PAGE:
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When to Use Antibiotics 

Antibiotics are medicines used to treat infections caused by bacteria. They don’t work for an illness caused by a virus. And they don't work for an allergic reaction. In fact, taking antibiotics for reasons other than an infection by bacteria can cause problems. You may have side effects from the medicine. And if you need an antibiotic in the future, it may not work well. This is because the bacteria can become immune to the medicine. You can also get a type of diarrhea that's hard to treat. This diarrhea is called C. diff. 

When antibiotics likely won’t help

Your healthcare provider won’t usually give you antibiotics for the conditions listed below. You can help by not asking for them if you have: 

  • A cold. This type of illness is caused by a virus. It can cause a runny nose, stuffed-up nose, sneezing, coughing, and headache. You may also have mild body aches and low fever. A cold gets better on its own in a few days to a week.

  • The flu (influenza). This is a respiratory illness caused by a virus. The flu usually goes away on its own in a week or so. It can cause fever, body aches, sore throat, and tiredness.

  • Bronchitis. This is an infection in the lungs. It is most often caused by a virus. You may have coughing, phlegm, body aches, and a low fever. A common type of bronchitis is known as a chest cold. This is called acute bronchitis. This often happens after you have a respiratory infection like a cold. Bronchitis can take weeks to go away. Antibiotics often don’t help.

  • Most sore throats. Sore throats are most often caused by viruses. Your throat may feel scratchy or achy. It may hurt to swallow. You may also have a low fever and body aches. A sore throat usually gets better in a few days.

  • Most outer ear infections. An ear infection may be caused by a virus or bacteria. It causes pain in the ear. Antibiotics by mouth usually don’t help. Low-dose antibiotic ear drops work much better.

  • Some inner ear infections. An inner ear infection (otitis media) can be caused by a virus in the ear. It can also cause pain and a high fever. Most older children with low-grade fever don't need to be treated with antibiotics.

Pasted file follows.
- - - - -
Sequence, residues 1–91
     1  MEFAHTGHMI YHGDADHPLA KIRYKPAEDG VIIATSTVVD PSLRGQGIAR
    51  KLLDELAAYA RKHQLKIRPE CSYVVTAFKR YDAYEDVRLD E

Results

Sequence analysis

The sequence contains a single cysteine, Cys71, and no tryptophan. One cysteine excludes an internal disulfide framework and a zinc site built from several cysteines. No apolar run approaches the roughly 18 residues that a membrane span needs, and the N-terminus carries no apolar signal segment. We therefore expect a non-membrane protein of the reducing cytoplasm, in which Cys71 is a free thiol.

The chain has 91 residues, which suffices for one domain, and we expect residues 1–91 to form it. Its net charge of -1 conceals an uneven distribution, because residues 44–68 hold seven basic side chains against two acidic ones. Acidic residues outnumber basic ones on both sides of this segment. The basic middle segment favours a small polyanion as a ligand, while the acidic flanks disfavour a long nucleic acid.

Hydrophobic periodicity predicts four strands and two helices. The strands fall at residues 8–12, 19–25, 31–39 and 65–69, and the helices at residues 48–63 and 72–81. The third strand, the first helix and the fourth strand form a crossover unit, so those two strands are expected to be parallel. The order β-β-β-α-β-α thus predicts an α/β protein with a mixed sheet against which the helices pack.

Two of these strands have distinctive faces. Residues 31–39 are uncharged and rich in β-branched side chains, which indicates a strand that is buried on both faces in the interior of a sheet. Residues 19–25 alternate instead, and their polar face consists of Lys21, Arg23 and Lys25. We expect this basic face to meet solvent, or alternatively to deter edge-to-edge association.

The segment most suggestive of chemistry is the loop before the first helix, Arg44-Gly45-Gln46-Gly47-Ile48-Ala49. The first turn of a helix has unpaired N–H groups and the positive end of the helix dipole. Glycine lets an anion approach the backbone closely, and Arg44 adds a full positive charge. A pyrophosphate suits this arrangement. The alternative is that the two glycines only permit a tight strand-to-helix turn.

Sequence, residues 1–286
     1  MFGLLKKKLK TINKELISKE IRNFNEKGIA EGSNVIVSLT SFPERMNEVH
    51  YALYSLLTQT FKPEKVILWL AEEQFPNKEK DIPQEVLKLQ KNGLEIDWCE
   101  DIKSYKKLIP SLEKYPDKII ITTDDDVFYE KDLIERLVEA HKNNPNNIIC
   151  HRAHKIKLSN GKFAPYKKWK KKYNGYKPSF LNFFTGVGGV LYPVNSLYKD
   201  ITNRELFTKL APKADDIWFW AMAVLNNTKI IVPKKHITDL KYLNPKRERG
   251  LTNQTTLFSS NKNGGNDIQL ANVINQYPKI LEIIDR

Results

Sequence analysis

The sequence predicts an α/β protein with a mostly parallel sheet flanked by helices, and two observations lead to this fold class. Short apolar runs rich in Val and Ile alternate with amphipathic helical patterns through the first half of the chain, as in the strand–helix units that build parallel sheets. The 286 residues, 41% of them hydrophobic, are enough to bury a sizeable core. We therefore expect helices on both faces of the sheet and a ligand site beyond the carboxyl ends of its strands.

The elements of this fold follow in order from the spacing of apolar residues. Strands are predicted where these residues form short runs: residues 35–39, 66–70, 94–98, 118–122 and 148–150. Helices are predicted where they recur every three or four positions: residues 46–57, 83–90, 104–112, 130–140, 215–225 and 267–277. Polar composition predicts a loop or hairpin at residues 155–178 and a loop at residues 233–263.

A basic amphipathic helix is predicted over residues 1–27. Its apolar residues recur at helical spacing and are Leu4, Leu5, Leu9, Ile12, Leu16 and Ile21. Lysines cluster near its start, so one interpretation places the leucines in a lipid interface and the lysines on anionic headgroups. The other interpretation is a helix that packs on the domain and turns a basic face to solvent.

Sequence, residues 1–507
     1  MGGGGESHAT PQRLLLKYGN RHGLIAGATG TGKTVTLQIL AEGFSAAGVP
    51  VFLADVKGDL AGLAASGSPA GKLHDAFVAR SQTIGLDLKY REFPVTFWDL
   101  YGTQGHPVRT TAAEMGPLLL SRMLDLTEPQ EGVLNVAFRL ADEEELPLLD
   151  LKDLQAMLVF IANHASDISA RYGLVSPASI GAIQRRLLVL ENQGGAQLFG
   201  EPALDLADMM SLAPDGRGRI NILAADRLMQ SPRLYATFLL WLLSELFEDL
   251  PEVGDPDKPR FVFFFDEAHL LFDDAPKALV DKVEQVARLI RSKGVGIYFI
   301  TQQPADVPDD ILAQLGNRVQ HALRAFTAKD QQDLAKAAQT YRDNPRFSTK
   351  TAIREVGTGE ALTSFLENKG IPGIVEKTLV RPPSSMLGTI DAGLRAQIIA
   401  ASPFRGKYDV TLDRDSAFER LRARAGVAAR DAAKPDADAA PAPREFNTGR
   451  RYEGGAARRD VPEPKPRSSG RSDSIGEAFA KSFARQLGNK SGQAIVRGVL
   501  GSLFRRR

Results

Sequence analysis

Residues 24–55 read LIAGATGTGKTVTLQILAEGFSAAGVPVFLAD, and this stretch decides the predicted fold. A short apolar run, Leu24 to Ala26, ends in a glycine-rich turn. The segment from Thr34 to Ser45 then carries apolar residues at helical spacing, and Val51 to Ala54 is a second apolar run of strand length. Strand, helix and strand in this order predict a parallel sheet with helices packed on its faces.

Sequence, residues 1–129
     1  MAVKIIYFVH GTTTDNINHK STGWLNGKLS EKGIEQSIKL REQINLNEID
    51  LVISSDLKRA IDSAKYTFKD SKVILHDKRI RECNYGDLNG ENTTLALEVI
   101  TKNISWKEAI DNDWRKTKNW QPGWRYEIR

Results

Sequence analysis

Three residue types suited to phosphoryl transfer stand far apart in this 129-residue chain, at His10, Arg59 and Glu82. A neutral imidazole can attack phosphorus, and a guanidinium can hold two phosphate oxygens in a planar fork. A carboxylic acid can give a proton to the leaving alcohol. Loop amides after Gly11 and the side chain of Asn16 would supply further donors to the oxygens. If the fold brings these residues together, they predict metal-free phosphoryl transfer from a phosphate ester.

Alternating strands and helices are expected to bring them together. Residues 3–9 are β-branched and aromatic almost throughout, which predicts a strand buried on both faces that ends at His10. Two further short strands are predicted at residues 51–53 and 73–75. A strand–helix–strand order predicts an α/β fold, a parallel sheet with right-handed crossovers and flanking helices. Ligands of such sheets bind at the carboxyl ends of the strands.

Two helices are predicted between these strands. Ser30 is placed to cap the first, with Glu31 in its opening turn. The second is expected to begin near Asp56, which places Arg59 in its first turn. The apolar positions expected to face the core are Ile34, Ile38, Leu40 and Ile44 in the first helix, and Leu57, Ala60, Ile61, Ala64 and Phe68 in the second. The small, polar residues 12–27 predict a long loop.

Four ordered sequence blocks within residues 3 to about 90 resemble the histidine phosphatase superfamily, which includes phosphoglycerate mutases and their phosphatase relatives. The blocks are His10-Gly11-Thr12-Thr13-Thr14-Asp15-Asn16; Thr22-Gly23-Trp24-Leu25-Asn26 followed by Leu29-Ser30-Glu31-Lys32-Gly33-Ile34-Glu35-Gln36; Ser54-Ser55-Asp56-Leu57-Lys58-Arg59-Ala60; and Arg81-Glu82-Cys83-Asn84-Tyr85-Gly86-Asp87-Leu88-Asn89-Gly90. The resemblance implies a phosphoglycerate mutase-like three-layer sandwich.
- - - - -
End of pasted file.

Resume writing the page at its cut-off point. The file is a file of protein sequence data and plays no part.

• Most sinus infections. This is also known as sinusitis. This kind of infection causes sinus pain and swelling, and a runny nose. In most cases, it goes away on its own. Antibiotics don’t make recovery quicker.

  • Allergic rhinitis. This is a set of symptoms caused by an allergic reaction. You may have sneezing, a runny nose, itchy or watery eyes, or a sore throat. Allergies are not treated with antibiotics.

  • Low fever. A mild fever that’s less than 100.4°F (38°C) most likely doesn’t need to be treated with antibiotics. 

When antibiotics can help

Antibiotics can be used to treat:                                                   

  • Strep throat. This is a throat infection caused by a certain type of bacteria. Symptoms of strep throat include a sore throat, white patches on the tonsils, red spots on the roof of the mouth, fever, body aches, and nausea and vomiting. Strep throat almost never causes a cough.

  • Urinary tract infection (UTI). This is an infection of the bladder and the tube that takes urine out of the body. It is caused by bacteria. It can cause burning pain and urine that’s cloudy or tinted with blood. UTIs are very common. Antibiotics usually help treat them.

  • Some outer ear infections. In some cases, a healthcare provider may prescribe antibiotics by mouth for an ear infection. You may need a test to show the cause of the ear infection.

  • Some sinus infections. In some cases, your healthcare provider may give you antibiotics. They may first need to make sure your symptoms aren’t caused by something else. This may be a virus, fungus, allergies, or air pollutants, such as smoke. 

    Pneumonia or other more severe forms of bacterial infection of the lungs. You will generally have a high fever and severe coughing, often for several days. You may need tests to see exactly what bacteria is causing your pneumonia so you will receive the correct antibiotic.

Your healthcare provider may give you antibiotics if you have a condition that can affect your immune system. This includes diabetes or cancer.

Self-care at home

If your infection can’t be treated with antibiotics, you can take other steps to feel better. Try the remedies below. In general: 

  • Rest and sleep as much as needed.

  • Drink water and other clear fluids.

  • Don’t smoke. Stay away from smoke from other people.

  • Use over-the-counter medicine, such as acetaminophen or ibuprofen to ease pain or fever, as directed by your healthcare provider.

To treat sinus pain or nasal stuffiness:

  • Put a warm, moist cloth on your face where you feel sinus pain or pressure.

  • Try a nasal spray with medicine or saline. Use as directed by your healthcare provider.

  • Breathe in steam from a hot shower.

  • Use a humidifier or cool mist vaporizer. 

To quiet a cough: 

  • Use a humidifier or cool mist vaporizer.

  • Breathe in steam from a hot shower.

  • Suck on cough lozenges. 

To sooth a sore throat: 

  • Suck on ice chips, frozen ice pops, or lozenges.

  • Use a sore throat spray.

  • Use a humidifier or cool mist vaporizer.

  • Gargle with saltwater.

  • Drink warm liquids.

  • Take ibuprofen to reduce swelling and pain.

To ease ear pain: 

  • Hold a warm, moist washcloth on the ear for 10 minutes at a time.

© 2000-2024 The StayWell Company, LLC. All rights reserved. This information is not intended as a substitute for professional medical care. Always follow your healthcare professional's instructions.
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